We’ve talked about raising chickens at our house on and off for years now. Every spring, the subject comes up around Easter. As I became more aware of the health benefits of pastured eggs, I started to seriously consider raising chickens in my backyard. Besides access to the healthiest eggs I could get, we’ve heard stories from other chicken raising friends of how rewarding raising chickens can be.
We had an old outdoor birdcage with a cedar shake roof in the backyard that I thought we might be able to repurpose into a coop. After checking it out, the roof was the only thing worth saving and a coop was designed around the existing roof. We decided on a condo style coop-a 2 level coop with a roosting area above an enclosed run. An additional enclosed run would be added onto the structure at a later date before our chickens were full grown. To conserve space, I decided upon an exterior nesting box for our birds to lay their eggs in. As the coop was nearing completion, it was time to get some chicks…
Backyard Chickens:Baby Chicks In The Brooder
In early April we brought home five baby chicks. We settled upon three Rhode Island Reds and two Golden Sexlinks. These should be good all around birds in terms of personality, adaptability to weather and very productive egg layers. We kept them inside in a makeshift brooder consisting of a large storage tote with a hardware cloth lid. After about a week, we transitioned to pine shavings for bedding inside our brooder and quickly moved to a hanging feeder and waterer. For the first week, the chicks were on paper towels and clean up was quick and easy. Once we transitioned to pine shavings, they got everywhere including in the water and food. Chicken poop started getting in these as well. I made a hanging waterer out of a nalgene bottle and a nipple waterer you can find at feed stores. Getting your birds’ food and water off the ground is essential from all I’ve read and it really helps cut down on extra cleaning and refilling.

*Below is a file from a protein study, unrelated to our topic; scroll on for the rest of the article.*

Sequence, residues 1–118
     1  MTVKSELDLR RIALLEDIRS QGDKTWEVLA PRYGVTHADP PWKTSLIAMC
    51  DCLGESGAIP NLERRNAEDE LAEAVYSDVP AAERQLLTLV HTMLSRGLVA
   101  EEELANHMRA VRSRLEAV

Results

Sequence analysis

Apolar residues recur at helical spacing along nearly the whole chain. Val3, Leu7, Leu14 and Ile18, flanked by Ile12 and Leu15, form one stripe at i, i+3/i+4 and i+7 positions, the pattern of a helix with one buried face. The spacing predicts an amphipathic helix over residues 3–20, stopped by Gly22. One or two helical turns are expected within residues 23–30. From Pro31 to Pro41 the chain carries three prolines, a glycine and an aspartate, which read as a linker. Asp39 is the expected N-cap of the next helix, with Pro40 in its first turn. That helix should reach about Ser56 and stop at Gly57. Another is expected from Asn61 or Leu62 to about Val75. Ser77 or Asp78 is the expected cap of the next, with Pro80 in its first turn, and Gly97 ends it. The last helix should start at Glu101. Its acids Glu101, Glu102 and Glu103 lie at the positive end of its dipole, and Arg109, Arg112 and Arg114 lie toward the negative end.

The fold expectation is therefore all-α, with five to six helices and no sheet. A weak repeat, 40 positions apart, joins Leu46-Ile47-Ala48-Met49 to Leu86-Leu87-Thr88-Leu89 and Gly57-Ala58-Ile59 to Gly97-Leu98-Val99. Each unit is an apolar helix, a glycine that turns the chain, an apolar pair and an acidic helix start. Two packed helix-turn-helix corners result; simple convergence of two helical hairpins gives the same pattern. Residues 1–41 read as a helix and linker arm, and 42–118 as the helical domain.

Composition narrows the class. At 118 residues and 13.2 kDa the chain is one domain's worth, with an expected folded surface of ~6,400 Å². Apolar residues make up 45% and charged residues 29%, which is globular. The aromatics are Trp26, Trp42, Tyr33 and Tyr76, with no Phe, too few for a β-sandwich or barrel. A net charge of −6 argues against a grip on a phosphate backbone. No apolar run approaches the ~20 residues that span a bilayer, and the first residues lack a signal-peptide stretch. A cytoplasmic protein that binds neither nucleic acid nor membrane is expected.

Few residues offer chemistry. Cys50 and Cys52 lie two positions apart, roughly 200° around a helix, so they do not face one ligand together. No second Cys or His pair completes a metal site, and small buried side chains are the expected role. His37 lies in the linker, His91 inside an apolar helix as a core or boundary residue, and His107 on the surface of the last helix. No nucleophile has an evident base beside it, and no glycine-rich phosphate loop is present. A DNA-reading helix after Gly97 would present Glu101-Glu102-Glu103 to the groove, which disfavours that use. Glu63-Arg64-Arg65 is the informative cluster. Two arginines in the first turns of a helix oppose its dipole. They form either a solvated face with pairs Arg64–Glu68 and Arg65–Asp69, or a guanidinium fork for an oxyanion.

The Coop Gets Finished
After several weeks, it was obvious the chicks were going to need to go out in the coop before they got all their feathers since space was starting to become an issue. The night time temperatures were a little too cold for the chicks, so they were going to need a heat lamp at night. I wanted to have an outlet inside our coop eventually for the winter time, but now I was forced to come up with a solution before the coop was inhabited. I ended up running electricity from our garage to the coop and ran conduit inside the coop (no pecking the wires!). I also used totally enclosed plastic housings for the ground fault interrupter receptacle as chicken waste will eventually rot metal housings. To minimize dust at the receptacle, I installed an in-use cover. We painted the coop to match the house, and I installed a beautiful fused glass window in the door to the coop that Mrs. Wellinformedliving had made. Here’s a picture of the finished coop:
A close up of the art glass window:
A view from inside the coop:
Here’s a view of the inside, you can see the GFCI on the left, one of the roosts in the back and one of the water bottle waterers.
And the coop at night:
The chicks have been in their new home for several weeks now and have adapted quite well. They have learned to use the ramp between levels and their new gravity feed watering system. As they grow and get older we’ll remove the heat lamp and give them some outside free range time each day. All in all this has been an extremely rewarding experience so far.
(Our cat is watching from the plant bed)